The Worst Time to Find an Email Error
Is after the email was sent.
Everyone of us who have sent an email, have made some type of mistake at least once.
Anyone who says otherwise is either lying or unaware of the error of their ways.
Of course it’s not just email, but any form of communication can get messed up.
Recently my company was having a custom display created for a trade show we are attending this week.
At least 6 people saw the design and checked out the details.
We needed 7 sets of eyes.
Hours after the display was created, that 7th person noticed an error in the phone number. We had to pay extra to get this fixed.
Back to email with this helpful guide from Mediapost:
Recently I published the 6th annual Oopsy Hall of Fame, which highlights email errors from top retailers. Pretty much every retailer I track contributed to the list, so it’s less about the names and much more about the kinds of errors being made. Every year the hotspots for errors shift; my hope is that marketers will continually refocus on where errors are costing them the most.
Here are three error-prone areas that were hotspots during 2011:
Landing page disconnects. An email marketer’s responsibilities don’t end with writing, designing and coding emails. A smooth transition from email to landing page is critical to generating conversions, which is the ultimate goal of most email marketing efforts. It’s difficult to gauge the true state of landing pages without extensive research, but anecdotally I’m deeply concerned.
For instance, in a Jan. 3, 2011 Chadwick’s email, all eight of the product images linked to the wrong products. And while a couple of the landing pages were for tops that were similar, the rest were items like scarves, mittens and leggings that were way off. But that’s just the tip of the iceberg. I’ve seen many cases where products link to “0 search results found” pages. I also routinely see product images in emails but then can’t find that product on the landing page assortment.
There seems to be a serious breakdown in QAing of links. That should be a top priority of all quality assurance team members this year.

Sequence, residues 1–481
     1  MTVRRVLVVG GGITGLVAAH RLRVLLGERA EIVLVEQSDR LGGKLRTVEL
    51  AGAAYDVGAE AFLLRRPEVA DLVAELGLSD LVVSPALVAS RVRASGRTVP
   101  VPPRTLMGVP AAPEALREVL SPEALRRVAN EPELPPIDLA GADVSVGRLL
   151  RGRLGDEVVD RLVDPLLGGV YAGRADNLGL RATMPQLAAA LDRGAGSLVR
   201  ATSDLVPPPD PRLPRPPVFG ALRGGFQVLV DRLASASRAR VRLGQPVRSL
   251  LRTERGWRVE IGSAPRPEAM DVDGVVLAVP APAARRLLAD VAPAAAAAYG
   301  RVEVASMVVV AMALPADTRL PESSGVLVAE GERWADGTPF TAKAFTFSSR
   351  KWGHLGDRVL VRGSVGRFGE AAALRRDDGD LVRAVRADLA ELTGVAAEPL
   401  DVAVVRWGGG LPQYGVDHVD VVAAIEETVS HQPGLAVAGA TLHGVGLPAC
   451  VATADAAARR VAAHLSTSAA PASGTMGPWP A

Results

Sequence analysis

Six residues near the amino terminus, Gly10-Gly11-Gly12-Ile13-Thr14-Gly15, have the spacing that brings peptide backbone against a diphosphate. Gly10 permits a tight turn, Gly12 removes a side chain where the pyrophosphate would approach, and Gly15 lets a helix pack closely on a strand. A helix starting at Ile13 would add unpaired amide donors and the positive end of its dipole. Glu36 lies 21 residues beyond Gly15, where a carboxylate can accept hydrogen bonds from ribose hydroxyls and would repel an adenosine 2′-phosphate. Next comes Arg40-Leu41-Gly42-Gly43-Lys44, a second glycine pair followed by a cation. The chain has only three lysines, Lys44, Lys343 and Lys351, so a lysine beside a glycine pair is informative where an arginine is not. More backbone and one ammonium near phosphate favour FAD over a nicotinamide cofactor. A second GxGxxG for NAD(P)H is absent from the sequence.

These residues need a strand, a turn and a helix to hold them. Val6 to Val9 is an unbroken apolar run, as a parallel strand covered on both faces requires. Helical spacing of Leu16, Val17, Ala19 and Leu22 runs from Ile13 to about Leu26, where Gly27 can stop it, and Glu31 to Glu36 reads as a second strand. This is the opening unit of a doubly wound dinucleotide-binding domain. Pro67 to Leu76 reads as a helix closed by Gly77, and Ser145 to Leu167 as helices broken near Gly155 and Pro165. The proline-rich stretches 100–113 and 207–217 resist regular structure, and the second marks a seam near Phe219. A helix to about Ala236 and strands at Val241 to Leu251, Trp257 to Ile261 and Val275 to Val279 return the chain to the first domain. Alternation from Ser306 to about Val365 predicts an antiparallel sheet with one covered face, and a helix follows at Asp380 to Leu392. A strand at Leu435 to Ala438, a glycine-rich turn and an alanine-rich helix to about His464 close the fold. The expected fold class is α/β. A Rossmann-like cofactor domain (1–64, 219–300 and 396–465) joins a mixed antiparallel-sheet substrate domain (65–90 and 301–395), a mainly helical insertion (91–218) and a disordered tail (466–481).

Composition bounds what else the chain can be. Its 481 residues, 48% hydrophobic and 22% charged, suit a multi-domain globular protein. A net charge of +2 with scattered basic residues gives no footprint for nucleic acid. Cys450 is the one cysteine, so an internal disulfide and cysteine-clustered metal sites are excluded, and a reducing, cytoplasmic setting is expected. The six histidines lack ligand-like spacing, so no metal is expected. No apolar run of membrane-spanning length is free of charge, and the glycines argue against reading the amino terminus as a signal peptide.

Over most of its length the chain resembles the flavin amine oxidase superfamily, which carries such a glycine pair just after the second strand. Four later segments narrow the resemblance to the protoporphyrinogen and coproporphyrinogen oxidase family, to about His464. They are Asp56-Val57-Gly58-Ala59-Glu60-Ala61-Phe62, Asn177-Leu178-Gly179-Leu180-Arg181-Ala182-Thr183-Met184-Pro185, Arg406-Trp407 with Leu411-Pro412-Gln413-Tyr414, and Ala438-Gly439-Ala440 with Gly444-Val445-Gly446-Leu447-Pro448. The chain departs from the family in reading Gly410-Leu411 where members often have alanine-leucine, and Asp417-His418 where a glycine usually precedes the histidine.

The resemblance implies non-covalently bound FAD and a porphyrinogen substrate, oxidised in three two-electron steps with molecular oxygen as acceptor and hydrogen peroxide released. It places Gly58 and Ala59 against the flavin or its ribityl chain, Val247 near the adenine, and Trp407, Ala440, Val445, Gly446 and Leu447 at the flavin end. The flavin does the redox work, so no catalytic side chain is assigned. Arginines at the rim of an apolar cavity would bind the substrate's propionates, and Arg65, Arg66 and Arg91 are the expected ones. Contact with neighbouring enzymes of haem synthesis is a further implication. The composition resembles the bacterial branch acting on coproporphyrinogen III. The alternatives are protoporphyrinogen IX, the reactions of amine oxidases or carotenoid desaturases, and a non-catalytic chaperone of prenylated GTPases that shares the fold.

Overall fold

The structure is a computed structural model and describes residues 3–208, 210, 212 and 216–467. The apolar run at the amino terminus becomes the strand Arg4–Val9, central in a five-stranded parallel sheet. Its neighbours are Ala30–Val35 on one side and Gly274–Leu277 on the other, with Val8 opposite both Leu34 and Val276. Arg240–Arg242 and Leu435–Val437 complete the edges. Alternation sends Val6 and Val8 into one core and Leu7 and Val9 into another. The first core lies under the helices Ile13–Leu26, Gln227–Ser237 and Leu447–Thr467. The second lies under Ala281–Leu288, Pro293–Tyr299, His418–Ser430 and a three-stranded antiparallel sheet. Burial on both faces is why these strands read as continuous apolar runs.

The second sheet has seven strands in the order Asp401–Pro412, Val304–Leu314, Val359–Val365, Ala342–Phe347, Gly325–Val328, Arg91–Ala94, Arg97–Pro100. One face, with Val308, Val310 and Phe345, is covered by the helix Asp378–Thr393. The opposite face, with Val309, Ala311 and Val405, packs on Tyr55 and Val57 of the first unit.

Image alignment eyesores. Back in 2009 and early 2010, there was a lot of talk about Gmail and Hotmail/Firefox adding 1 pixel borders around images, which messed up email designs — sometimes rather spectacularly. A few years later, image alignment problems are still prevalent due to a lack of “display:block” styling. And the issue is now more urgent because both Gmail and Firefox usage have increased over the past couple of years, so these coding issues are affecting more subscribers.
With the number of email reading platforms proliferating — with the Kindle Fire and Nook Tablet being two of the more recent ones — platform-specific coding issues will surely grow. If you’re doing your own coding in-house, having an agency or ESP do a coding audit of your email template will help clear up these kinds of rendering issues.
A related issue that’s also been on the increase is image alignment of HTML text discount codes, particularly unique or personalized discount codes, which allows for better tracking and attribution. If you’re inserting HTML text in between images, be sure to check how it renders on all the major email client and browser combinations.
More spelling and grammar errors. Retailers sent 16% more emails per subscriber last year than in 2010, and 51% more than they did in 2008. More emails equals more chances to make small mistakes like misspellings, misplaced punctuation, and poor grammar.
Some argue that small mistakes like these don’t matter, but they can distract readers from your message and can definitely have an additive negative effect — either across multiple emails or even within a single email. For instance, in this Aug. 30, 2011 J&R email,, there are at least 10 spelling, punctuation and style errors in the “at a glance” copy. That many errors all lumped together is definitely not a good reflection on the brand.
But even with a good QA process, it’s hard to eliminate the occasional serious mistake. Look for ways to minimize the impact of those mistakes post-send by halting sends, updating image files and redirecting links, as Liz Ryan of Threadless recommended in her recent Email Insider column. And although your website team will likely want to send apology emails for site outages more often than truly warranted, it’s good to have an apology email template ready in case it’s needed.